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Terry C. Johnson v. Jose A. Delgado and David Mitchell

December 12, 2012


The opinion of the court was delivered by: Williams, Magistrate Judge:


I. Introduction

Before the Court are two motions for summary judgment filed by Plaintiff and Defendants. Defendants have filed a motion for summary judgment seeking judgment on Plaintiff's retaliation claim and due process claim (Docs. 72, 73, & 74).*fn1 Plaintiff has filed a response to that motion (Docs. 83 & 84). Further, Plaintiff has filed a summary judgment motion of his own arguing that Defendants are not entitled to qualified immunity (Docs. 75, 76, 77, & 78). Defendants have filed a Response to that motion (Doc. 81). Defendants also filed a Reply to their own motion for summary judgment (Doc. 88). Subsequent to that filing, Plaintiff filed a Motion to Strike Defendants' Reply (Doc. 89), arguing that Defendants had not set forth an "exceptional circumstance" for filing such a brief. Defendants have filed a Response (Doc. 90) to that motion and Plaintiff has filed a Reply (Doc. 92). Based on the following, the Court DENIES all pending motions.

II. Factual Background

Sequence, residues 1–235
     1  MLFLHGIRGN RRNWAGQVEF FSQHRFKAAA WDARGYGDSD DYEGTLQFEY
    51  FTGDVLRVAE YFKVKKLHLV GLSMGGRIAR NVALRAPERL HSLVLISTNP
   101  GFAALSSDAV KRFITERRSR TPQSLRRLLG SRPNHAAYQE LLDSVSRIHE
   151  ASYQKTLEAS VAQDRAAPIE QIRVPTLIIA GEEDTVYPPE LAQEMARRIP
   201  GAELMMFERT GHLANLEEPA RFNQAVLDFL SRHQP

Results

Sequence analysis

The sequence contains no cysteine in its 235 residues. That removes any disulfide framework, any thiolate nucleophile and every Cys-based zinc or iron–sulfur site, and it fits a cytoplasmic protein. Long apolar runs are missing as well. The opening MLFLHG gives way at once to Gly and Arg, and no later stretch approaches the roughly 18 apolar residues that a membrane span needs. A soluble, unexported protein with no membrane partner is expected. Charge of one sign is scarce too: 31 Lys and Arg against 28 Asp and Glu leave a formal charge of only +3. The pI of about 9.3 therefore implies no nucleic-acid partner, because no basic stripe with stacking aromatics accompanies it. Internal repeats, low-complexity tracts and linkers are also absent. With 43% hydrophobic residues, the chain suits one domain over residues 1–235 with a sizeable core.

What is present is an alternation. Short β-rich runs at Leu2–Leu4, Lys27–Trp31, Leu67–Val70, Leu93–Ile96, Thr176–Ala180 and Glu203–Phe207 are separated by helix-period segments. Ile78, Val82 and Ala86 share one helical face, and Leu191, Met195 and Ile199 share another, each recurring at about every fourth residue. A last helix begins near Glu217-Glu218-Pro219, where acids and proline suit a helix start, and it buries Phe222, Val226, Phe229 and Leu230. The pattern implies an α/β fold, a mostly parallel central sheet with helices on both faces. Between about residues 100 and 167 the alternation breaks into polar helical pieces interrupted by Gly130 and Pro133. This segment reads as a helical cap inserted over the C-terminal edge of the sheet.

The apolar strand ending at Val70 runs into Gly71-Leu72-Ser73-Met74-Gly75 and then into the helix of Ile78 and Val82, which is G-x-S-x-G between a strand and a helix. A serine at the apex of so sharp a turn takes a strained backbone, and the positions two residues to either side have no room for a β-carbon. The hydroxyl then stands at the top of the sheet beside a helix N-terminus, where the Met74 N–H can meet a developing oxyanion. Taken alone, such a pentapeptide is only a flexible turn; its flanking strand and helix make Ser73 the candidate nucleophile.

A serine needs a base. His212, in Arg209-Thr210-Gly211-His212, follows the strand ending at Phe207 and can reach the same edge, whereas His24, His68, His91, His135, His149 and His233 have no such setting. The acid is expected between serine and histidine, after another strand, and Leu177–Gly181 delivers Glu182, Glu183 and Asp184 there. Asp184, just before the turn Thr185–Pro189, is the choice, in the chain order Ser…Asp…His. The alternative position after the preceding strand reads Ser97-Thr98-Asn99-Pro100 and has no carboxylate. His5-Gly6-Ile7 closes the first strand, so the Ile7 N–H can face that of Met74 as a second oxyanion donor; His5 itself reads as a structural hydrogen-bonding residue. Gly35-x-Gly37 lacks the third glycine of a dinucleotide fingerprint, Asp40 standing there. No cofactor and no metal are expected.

The events at issue in Plaintiff's Amended Complaint took place while Plaintiff was housed at Tamms Correctional Center and then Menard Correctional Center (Doc. 87 at ¶ 3). At the time, Defendant Jose A. Delgado was a correctional officer at Tamms and Defendant David Mitchell was a correctional lieutenant at Tamms (Id. at ¶ 4). Plaintiff's Complaint stems from an incident he witnessed in the prison law library while being housed at Tamms Correctional Center. On May 2, 2008, Plaintiff claims that he witnessed two correctional officers assault another inmate, Inmate Wilkins, in the library at Tamms Correctional Center (Doc. 73 Ex. A at pp. 30-34). Plaintiff claims that at the time of the assault, he saw Plaintiff restrained by handcuffs behind his back. Plaintiff testified to Internal Affairs about his recollection of the May 2, 2008 incident on July 1, 2008, at which time he was housed at Menard Correctional Center (Id. at p. 29). Specifically, Plaintiff informed investigators that while in the law library, he saw officers place handcuffs on Inmate Wilkins, who was in another cell, and then grabbed him, began choking Inmate Wilkins, and placed him on the ground (Id. at pp. 30-34).